…This is not the first time that Trump has been accused of rape. Trump’s ex-wife Ivana Trump accused the businessman of raping her in a sworn deposition that surfaced after their divorce. She later walked those statements back and said that he did not rape her in a “literal or criminal sense.”…




Why the State Department Is Worried About Donald Trump and His Tweets

December 20, 2016


When President-elect Donald Trump announced last week that he wanted ExxonMobil CEO Rex Tillerson to be his secretary of state, many in the foreign policy establishment were worried. Aside from the fact that Tillerson has zero public service experience, his history of striking oil deals with foreign leaders, notably Vladimir Putin, raises questions about his ability to defend U.S. interests that may conflict those of ExxonMobil.

But the State Department has a bigger disruption to worry about.

The person who actually sets the department’s diplomatic agenda—in ways both overt and subtle—isn’t the secretary of state; it’s the president. The president’s words, as uttered in speeches and other official statements, literally shape American foreign policy. In turn, State Department bureaucrats rely on the commander in chief to articulate clear, thoughtful and consistent views, based on facts and a knowledge of history. Only then can the entire weight of the large State Department bureaucracy follow seamlessly behind him—and carry out his goals.

As Trump veers from one surprise tweet to the next—at times misspelled 140-character statements that contradict decades of U.S. foreign policy, State Department bureaucrats are facing a unique challenge: How to follow the lead of a president who seems uninterested in consistency, protocol and nuance?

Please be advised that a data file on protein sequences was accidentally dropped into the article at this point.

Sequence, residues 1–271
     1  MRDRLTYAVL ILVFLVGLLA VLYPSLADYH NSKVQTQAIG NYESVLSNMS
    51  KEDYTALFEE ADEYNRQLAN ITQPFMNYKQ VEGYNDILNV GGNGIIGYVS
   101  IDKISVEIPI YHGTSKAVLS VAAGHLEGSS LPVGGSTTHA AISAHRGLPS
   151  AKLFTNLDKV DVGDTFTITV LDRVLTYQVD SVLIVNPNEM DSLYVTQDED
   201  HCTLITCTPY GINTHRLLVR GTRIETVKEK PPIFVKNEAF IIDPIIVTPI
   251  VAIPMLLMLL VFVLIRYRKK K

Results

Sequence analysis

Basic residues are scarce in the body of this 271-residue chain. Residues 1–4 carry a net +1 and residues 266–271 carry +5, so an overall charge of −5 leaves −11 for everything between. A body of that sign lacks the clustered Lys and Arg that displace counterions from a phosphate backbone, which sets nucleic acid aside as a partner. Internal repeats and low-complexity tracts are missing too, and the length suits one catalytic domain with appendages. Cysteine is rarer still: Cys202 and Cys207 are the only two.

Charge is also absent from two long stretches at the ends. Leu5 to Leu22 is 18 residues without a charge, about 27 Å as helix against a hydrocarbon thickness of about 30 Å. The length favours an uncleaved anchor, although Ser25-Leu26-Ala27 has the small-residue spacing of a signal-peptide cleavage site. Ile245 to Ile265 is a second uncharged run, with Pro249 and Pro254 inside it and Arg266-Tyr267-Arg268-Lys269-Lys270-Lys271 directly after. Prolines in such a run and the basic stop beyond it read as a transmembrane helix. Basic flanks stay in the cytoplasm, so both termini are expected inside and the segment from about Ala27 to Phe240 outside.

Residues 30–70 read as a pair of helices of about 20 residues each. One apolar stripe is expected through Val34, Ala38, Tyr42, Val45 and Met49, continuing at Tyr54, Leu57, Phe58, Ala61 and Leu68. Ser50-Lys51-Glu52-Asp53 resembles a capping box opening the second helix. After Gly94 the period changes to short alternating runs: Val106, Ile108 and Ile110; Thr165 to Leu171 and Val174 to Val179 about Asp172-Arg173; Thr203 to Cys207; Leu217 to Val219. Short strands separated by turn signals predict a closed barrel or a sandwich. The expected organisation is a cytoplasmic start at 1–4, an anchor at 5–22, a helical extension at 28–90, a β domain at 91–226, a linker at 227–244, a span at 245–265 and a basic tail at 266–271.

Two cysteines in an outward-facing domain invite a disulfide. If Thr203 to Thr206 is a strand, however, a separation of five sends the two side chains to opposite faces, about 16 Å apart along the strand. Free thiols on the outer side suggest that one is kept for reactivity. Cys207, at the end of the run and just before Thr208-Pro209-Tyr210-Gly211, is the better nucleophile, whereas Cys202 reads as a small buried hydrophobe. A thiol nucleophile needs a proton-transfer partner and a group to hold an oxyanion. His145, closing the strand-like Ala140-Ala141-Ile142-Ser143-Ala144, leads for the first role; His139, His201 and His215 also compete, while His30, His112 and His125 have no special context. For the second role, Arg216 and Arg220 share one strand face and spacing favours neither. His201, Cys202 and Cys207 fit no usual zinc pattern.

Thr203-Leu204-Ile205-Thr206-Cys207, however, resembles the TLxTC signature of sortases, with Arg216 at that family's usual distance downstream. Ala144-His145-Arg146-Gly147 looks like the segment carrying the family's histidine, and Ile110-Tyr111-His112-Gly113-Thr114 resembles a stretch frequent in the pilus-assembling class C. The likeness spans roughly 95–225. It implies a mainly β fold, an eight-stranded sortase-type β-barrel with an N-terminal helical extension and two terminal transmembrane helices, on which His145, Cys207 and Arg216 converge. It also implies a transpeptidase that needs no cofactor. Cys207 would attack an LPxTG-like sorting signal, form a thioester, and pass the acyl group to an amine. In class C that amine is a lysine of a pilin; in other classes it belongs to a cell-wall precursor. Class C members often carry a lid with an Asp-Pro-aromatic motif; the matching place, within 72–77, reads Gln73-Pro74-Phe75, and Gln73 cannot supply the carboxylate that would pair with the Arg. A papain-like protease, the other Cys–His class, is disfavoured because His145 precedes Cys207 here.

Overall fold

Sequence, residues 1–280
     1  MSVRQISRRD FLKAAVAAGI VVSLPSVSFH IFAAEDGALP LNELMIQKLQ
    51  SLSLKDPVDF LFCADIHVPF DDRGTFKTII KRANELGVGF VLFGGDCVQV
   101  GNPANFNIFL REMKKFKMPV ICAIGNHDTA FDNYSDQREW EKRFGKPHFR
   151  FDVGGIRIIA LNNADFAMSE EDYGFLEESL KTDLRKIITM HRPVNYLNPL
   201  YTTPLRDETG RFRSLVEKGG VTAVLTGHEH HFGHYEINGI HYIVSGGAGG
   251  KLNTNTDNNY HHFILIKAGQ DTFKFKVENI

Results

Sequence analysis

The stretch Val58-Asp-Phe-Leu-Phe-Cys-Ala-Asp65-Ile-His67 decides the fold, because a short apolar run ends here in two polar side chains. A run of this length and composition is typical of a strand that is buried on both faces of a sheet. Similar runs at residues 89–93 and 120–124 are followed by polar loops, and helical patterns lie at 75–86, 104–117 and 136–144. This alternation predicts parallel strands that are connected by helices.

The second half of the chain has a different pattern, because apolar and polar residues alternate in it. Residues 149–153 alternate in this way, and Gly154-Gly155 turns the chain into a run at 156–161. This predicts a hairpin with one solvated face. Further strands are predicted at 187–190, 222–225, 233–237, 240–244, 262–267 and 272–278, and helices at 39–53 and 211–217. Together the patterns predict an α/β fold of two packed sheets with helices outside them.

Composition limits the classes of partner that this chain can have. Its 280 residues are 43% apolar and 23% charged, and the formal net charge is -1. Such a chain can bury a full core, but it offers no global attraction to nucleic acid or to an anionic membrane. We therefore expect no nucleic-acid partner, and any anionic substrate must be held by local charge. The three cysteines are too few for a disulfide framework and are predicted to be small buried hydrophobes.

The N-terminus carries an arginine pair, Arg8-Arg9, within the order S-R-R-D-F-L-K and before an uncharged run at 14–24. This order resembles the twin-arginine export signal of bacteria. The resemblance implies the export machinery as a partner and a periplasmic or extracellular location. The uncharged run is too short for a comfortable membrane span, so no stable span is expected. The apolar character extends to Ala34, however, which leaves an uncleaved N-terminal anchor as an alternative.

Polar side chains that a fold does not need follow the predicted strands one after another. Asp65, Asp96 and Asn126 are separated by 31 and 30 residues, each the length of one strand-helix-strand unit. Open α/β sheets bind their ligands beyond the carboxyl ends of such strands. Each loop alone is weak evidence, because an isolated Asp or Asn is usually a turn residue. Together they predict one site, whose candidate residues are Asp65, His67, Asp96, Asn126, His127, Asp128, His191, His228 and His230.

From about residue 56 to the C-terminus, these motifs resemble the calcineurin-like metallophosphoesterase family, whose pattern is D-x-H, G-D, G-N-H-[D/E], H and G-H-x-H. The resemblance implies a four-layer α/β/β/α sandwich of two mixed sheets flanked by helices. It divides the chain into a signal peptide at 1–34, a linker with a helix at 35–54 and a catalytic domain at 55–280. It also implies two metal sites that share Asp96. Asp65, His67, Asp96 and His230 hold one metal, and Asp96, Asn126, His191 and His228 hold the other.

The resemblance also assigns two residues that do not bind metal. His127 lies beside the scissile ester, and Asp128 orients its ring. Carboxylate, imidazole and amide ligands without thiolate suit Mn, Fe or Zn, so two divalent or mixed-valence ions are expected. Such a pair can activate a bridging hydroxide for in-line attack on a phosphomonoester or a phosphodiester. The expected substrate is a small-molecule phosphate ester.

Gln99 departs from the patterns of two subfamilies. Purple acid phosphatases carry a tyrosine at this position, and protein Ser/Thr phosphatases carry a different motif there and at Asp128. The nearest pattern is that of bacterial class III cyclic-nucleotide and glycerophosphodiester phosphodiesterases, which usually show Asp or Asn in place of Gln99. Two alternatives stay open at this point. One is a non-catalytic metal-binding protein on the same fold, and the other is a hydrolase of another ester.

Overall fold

In Trump’s November phone call to Pakistani Prime Minister Nawaz Sharif, for example, he called Pakistan a “fantastic country, fantastic place of fantastic people,” neglecting to mention Pakistan’s involvement in fomenting terrorism against U.S. interests, a major point of tension for American presidents since Al Qaeda and its affiliates set up shop in Pakistan after the September 11 attacks…

…This impulsive personal style makes it extremely difficult for the State Department bureaucracy to interpret Trump and follow his example. Do these new developments signal a real shift in U.S. alliances or are they offhand remarks? Will Twitter be the primary platform for Trump to issue new statements of foreign policy? If so, how much will the State Department be involved in the shaping, coordination and vetting of such messages? 



Trump’s Most Dangerous Lies

Trump - Fence

There’s an insidious strategy behind these falsehoods.


Your email address will not be published. Required fields are marked *